Last weekend I did an 18-miler. EIGHTEEN! I can’t even believe I’m typing that number.
But really, I knew my legs and my feet (kinda) would get me through it. Thanks to Coach Erin, I’ve done a steady, progressive buildup of milage on my long runs to reach this point. What I find to be the hardest, most challenging barrier is my big ole’ fat BRAIN.
Case in point: Getting up at an ungodly hour to run an ungodly amount of miles. Sometimes I feel like an alien has taken over my brain, because I don’t even recognize this person.
Thank god for running friends. Lori’s training schedule finally meshed with mine and we both had 18 to do. We were going to pickup Mary, then Jen along the way. (BTW, Lori, who is a badass unto herself, is running the Marine Corps Marathon in Washington D.C. at the end of the month.) 18 miles is a long way to run with one person, but being that she’s okay with me being a Chatty McChatterton, she’s a friend for life in my book.
Fall is just starting to arrive here in New England, so while I took many shots with my camera, most of the time it didn’t have enough light to focus. But here’s some of the run’s photo highlights that made it:
The first 2 miles were fairly flat, just to tease us. Then, nothin’ but hills. Just the way I like it.
There was the usual wildlife spotting. This time: turkeys.
Miles 4, 5, 6 ticked by. Feeling good. So good, I forgot to eat my usual energy gel at mile 5. So by the time we got to Danbury to pick up Mary at mile 7, I was all, “Why do my feet feel so heavy on this flat part?” DUH.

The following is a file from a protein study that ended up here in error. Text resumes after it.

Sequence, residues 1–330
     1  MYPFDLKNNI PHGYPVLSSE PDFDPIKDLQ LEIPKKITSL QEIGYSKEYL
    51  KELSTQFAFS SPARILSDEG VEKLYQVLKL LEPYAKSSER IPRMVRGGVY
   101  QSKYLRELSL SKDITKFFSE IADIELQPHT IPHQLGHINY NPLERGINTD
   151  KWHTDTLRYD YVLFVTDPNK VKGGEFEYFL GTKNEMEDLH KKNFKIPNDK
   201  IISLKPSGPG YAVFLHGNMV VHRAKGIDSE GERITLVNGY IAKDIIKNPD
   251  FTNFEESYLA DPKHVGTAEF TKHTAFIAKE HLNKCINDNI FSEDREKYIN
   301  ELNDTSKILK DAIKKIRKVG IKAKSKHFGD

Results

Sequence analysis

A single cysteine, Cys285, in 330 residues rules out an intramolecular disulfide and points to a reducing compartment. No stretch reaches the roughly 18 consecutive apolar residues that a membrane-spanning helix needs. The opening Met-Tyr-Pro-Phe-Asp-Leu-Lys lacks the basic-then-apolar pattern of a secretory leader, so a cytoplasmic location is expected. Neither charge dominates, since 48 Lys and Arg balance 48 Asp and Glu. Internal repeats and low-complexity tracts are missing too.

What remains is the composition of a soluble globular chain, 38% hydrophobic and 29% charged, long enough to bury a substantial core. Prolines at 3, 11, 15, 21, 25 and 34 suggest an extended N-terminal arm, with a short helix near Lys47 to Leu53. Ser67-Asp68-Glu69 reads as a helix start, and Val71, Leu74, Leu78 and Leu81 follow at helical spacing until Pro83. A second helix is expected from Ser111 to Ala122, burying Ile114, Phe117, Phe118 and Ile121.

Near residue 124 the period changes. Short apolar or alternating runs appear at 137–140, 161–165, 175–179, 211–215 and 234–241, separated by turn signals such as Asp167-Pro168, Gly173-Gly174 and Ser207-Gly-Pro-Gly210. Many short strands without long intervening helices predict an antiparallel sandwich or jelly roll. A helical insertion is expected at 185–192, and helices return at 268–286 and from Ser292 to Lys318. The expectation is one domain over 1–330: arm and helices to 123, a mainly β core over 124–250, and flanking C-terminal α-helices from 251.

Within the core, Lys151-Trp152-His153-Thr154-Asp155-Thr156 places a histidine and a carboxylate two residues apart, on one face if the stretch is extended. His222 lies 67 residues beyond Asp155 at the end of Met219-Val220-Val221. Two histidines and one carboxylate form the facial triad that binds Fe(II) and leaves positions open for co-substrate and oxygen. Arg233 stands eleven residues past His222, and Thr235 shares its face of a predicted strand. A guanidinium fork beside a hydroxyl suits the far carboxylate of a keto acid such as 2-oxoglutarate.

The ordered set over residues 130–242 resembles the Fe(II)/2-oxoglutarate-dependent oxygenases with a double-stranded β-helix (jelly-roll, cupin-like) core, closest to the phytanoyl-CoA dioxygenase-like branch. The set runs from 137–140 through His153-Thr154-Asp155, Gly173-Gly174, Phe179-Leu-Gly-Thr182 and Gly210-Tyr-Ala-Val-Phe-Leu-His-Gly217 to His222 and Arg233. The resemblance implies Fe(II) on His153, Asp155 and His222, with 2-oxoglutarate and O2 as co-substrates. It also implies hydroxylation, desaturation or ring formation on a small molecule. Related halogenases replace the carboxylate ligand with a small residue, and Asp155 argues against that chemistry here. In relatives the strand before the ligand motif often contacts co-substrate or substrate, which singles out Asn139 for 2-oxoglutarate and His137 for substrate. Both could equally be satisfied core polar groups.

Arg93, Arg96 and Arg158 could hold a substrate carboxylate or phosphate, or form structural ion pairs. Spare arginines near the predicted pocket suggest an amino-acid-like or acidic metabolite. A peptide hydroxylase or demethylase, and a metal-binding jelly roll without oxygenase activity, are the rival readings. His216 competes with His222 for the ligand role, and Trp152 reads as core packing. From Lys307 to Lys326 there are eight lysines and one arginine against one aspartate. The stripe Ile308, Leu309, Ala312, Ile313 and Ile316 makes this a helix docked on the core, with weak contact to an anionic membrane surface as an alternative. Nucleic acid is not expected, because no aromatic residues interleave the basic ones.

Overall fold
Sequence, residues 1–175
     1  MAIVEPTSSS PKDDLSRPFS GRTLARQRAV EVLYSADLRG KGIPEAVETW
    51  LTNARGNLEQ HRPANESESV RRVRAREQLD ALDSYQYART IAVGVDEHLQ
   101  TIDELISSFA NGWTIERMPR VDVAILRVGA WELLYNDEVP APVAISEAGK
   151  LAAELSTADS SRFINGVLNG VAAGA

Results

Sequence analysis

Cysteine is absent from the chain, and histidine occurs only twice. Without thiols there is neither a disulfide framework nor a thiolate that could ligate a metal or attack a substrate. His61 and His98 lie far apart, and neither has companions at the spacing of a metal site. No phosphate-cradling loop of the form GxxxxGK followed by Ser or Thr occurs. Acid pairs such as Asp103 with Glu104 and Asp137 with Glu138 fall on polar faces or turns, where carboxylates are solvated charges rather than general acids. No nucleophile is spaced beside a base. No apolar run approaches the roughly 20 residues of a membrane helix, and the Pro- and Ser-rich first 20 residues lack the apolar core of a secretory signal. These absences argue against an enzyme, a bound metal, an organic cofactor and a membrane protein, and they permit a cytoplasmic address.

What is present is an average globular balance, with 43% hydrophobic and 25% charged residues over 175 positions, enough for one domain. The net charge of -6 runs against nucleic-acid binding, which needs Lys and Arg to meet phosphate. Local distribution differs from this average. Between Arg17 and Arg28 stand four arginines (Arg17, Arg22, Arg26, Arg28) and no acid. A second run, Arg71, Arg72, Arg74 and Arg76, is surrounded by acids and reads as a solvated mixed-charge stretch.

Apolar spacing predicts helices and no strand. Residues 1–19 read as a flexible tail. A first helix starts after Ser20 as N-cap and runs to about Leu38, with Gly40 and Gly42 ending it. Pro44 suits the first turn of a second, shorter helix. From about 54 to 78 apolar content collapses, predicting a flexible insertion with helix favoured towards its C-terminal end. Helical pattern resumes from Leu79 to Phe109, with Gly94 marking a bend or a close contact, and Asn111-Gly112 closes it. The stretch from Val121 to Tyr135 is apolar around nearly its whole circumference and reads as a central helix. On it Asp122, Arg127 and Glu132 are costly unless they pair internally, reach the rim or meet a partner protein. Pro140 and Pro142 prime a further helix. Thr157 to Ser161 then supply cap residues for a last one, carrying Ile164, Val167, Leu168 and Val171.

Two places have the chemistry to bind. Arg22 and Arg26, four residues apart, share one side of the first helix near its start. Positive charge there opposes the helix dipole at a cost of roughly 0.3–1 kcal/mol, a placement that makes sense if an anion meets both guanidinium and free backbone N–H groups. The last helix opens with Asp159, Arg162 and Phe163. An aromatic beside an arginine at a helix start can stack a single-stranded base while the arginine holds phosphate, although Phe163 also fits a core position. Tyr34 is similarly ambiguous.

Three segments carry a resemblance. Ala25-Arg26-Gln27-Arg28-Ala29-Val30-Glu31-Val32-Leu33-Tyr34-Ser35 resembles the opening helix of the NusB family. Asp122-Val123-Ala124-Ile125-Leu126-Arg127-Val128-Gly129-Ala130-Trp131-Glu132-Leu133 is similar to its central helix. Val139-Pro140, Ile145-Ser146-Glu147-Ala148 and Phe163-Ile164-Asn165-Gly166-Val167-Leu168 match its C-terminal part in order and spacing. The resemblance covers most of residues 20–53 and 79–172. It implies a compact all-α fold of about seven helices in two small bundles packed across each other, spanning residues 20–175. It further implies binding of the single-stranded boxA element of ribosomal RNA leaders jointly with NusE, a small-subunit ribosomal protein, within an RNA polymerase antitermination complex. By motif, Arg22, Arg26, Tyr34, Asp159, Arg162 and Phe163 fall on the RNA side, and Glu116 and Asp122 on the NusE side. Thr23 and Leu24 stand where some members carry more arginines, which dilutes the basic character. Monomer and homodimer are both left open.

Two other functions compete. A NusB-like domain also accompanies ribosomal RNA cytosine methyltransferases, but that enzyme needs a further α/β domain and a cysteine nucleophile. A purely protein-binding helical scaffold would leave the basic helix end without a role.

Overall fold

Mind trick #1: Feeling so good…leads to forgetting to fuel…leads to heavy legs.
After a pit stop and some hydration, the three of us set up back from whence we came. Mile 8, 9.
Mile 10. Huge hill. No talking. Chins held in a determined position. I’m picturing the Queensboro Bridge (the big hill at mile 16 in the NY Marathon) in my head and telling it to kiss my a*s. “Don’t stop” I say to myself over and over.
Mind Game #2: Visualizations and mantras aren’t just for yoga. They help you channel your inner Chuck Norris.
Here’s a kind of blurry shot of the three of us, plodding along.
When I run this route, I try to drop bottles of fluids ahead of time. I like to choose this lcoation for it’s house number and creative use of rocks:
It’s at this point, about mile 11, that I’m starting to fatigue, just a little, and all the whatifs start to enter my brain. That’s usually a sign I need carbs, stat! So I take another gel.
Mind game #3: When your body is on empty, the doubts will creep in and take hold. Time to carb up.
Mile12, 13. Time to meet up with Jen, even if she’s blurry!
At this point, my dogs were barking! My feet were ballooning up and I could just tell my index toes were getting pummeled against the toe box of my shoes. Plus, I was starting to feel my plantar fasciitis whisper rudely in my ear. On the plus side, my hamstrings felt pretty good. I wasn’t injured, just tired and getting sore. Not a good enough reason to stop.
Mind game #4: There are no promises of easy in this training. As the most brilliant tag line in history says, JUST DO IT.
One last beauty shot:
At this point, I don’t remember much. The last couple of miles I just switch it into Run-Forrest-Run mode. Each breath gets noticed and I check my milage a little too often.
Mind game #5: To get through the end, just blank out and GO.
DONE! And guess what: My last two miles were the fastest of the whole darn run.
A quick celebration shot from the rear bumper of my car with the self-timer:
Thank you, running posse! See you for the 20 miler in 2 weeks!